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<jats:p>Objective Parental criticism is associated with internalising symptoms in adolescent offspring. It is unclear whether these behaviours cause one another, and/or whether they are influenced by shared genes in related parent-offspring pairs. We use an Extended Children of Twins design to assess whether parent-reported criticism and offspring internalising symptoms remain associated after controlling for shared genes. To aid interpretation of our results and those of previous Children of Twins studies, we examine statistical power for the detection of genetic effects and explore the direction of psychosocial influences between generations. Method Data were drawn from two Swedish twin samples, comprising 876 adult twin pairs with adolescent offspring and 1030 adolescent twin pairs with parents. Parents reported on criticism towards their offspring, concurrently with parent and offspring reports of adolescent internalising symptoms. Extended Children of Twins structural equation models were used to examine intergenerational social and genetic mechanisms. Results Parental criticism was associated with adolescent internalising symptoms after controlling for genetic relatedness. No significant role was found for shared genes influencing phenotypes in both generations. Power analyses confirmed that any undetected genetic effects were small. Models could not distinguish the causal direction of possible psychosocial effects between generations. Conclusion The association between parent-reported criticism and adolescent internalising symptoms is not attributable to genetic confounding in this sample. As such, parental criticism may be involved in psychosocial family processes in the context of adolescent internalising. Future studies should seek to identify these processes and provide clarity on the direction of potential causal effects.</jats:p>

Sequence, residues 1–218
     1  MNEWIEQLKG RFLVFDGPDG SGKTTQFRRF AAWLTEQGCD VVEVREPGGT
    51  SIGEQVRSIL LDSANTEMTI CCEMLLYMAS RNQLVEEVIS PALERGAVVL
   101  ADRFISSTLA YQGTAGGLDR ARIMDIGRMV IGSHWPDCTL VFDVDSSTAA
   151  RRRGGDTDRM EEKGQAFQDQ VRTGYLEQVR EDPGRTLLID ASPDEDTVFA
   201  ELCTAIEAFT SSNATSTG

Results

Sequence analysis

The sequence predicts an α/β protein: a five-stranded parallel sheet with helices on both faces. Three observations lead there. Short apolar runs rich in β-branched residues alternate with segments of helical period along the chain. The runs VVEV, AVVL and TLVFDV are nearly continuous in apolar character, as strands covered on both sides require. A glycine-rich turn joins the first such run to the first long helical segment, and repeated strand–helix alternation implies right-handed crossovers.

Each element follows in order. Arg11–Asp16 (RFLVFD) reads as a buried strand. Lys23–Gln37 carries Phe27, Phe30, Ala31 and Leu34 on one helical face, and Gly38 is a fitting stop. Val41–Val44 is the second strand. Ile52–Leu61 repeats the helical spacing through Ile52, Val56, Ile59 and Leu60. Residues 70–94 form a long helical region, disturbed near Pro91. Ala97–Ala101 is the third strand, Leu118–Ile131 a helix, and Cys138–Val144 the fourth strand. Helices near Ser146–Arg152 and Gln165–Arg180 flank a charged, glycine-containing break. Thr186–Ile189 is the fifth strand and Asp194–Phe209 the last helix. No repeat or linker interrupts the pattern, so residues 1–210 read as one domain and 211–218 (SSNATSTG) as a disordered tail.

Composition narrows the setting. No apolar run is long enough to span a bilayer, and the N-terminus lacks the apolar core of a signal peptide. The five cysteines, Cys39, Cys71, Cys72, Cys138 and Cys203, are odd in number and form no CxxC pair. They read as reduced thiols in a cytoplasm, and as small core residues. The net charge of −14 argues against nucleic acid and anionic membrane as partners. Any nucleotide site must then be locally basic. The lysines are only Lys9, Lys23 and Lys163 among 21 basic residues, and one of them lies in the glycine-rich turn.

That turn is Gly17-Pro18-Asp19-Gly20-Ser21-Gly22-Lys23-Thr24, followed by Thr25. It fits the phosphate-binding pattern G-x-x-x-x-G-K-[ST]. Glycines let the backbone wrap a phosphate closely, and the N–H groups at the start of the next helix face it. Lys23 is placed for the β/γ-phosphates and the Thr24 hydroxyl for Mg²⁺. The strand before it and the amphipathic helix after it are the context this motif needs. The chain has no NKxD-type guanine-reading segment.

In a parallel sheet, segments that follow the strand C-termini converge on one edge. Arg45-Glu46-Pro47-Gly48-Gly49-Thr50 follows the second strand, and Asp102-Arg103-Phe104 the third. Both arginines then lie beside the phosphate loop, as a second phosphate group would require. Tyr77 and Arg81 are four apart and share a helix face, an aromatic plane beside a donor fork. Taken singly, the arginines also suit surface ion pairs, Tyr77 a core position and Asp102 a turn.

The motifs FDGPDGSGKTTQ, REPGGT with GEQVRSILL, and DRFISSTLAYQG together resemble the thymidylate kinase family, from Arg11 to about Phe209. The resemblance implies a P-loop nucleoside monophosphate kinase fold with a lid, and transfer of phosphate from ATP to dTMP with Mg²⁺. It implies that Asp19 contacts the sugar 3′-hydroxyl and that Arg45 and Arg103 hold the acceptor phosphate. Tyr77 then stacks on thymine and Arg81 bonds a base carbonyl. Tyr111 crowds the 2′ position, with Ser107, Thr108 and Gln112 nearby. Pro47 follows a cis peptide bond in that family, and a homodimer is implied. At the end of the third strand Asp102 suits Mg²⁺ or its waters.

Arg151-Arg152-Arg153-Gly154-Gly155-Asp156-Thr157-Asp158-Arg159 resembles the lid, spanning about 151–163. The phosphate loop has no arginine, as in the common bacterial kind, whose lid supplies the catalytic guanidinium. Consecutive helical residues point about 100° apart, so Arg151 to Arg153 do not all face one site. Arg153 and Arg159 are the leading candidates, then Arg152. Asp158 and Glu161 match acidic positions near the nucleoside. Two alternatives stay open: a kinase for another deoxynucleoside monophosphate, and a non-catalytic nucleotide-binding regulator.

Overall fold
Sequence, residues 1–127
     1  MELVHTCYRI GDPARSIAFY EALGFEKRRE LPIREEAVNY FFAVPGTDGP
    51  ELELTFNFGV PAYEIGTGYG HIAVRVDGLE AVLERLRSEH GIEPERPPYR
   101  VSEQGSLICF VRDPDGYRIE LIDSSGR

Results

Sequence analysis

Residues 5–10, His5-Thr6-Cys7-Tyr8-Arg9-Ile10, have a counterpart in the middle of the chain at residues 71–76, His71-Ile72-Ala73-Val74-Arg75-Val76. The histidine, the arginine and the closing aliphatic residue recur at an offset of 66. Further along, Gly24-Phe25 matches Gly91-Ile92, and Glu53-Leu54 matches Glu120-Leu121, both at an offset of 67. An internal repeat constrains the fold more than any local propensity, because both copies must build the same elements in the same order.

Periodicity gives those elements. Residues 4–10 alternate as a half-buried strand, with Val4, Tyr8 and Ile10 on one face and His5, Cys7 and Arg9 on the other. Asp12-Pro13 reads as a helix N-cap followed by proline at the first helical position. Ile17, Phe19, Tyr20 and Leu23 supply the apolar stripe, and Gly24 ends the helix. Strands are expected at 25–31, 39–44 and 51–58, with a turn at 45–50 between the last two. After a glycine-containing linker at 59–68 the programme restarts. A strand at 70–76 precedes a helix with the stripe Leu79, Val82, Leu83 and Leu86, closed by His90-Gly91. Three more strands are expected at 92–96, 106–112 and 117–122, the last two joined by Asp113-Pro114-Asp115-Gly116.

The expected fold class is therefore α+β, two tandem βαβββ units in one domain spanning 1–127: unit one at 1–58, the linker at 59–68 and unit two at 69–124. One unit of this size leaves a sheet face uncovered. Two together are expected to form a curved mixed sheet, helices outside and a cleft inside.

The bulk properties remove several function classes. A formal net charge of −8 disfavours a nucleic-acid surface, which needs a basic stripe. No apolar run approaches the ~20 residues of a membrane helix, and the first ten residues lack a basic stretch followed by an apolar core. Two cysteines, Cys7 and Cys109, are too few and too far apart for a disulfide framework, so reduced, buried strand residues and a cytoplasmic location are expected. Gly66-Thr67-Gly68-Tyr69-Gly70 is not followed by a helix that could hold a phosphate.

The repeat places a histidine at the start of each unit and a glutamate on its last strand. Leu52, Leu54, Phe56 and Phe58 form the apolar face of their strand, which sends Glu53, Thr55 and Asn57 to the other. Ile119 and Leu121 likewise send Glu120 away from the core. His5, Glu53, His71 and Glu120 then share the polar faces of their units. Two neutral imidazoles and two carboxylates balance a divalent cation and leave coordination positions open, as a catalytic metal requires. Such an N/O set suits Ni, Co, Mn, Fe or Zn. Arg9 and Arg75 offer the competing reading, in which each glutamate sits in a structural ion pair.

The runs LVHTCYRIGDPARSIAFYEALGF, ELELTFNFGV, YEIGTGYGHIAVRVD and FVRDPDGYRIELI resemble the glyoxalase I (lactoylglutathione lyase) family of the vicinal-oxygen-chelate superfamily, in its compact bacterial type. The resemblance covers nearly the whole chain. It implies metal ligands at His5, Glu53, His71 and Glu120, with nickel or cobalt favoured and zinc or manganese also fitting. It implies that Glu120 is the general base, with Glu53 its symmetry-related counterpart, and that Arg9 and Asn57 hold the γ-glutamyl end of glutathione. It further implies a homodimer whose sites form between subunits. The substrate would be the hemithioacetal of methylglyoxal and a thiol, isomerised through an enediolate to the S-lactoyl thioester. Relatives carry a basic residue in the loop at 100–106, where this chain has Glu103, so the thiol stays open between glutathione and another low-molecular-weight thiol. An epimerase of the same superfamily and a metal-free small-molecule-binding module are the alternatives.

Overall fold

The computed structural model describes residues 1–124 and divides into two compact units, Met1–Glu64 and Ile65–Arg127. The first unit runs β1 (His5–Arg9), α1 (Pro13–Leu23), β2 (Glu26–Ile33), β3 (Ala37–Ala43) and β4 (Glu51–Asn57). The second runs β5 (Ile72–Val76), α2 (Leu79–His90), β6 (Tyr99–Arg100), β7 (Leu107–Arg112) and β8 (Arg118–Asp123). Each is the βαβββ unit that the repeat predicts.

Original publication




Journal article


Cold Spring Harbor Laboratory

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